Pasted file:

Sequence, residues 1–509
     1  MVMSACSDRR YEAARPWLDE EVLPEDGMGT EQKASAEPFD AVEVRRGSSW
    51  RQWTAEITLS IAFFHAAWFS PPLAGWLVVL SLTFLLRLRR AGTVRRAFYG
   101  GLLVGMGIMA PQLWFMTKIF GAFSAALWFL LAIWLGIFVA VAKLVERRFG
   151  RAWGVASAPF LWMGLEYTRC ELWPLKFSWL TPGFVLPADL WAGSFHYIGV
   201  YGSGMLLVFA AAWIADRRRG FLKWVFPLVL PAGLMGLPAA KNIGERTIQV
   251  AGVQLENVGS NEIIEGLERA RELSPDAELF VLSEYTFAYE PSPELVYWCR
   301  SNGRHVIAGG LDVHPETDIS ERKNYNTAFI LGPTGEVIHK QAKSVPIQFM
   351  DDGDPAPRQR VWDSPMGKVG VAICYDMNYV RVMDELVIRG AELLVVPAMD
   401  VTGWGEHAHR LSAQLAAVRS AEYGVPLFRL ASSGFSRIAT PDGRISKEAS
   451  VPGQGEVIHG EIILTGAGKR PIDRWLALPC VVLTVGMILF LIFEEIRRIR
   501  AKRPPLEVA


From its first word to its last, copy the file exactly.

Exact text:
Sequence, residues 1–509
     1  MVMSACSDRR YEAARPWLDE EVLPEDGMGT EQKASAEPFD AVEVRRGSSW
    51  RQWTAEITLS IAFFHAAWFS PPLAGWLVVL SLTFLLRLRR AGTVRRAFYG
   101  GLLVGMGIMA PQLWFMTKIF GAFSAALWFL LAIWLGIFVA VAKLVERRFG
   151  RAWGVASAPF LWMGLEYTRC ELWPLKFSWL TPGFVLPADL WAGSFHYIGV
   201  YGSGMLLVFA AAWIADRRRG FLKWVFPLVL PAGLMGLPAA KNIGERTIQV
   251  AGVQLENVGS NEIIEGLERA RELSPDAELF VLSEYTFAYE PSPELVYWCR
   301  SNGRHVIAGG LDVHPETDIS ERKNYNTAFI LGPTGEVIHK QAKSVPIQFM
   351  DDGDPAPRQR VWDSPMGKVG VAICYDMNYV RVMDELVIRG AELLVVPAMD
   401  VTGWGEHAHR LSAQLAAVRS AEYGVPLFRL ASSGFSRIAT PDGRISKEAS
   451  VPGQGEVIHG EIILTGAGKR PIDRWLALPC VVLTVGMILF LIFEEIRRIR
   501  AKRPPLEVA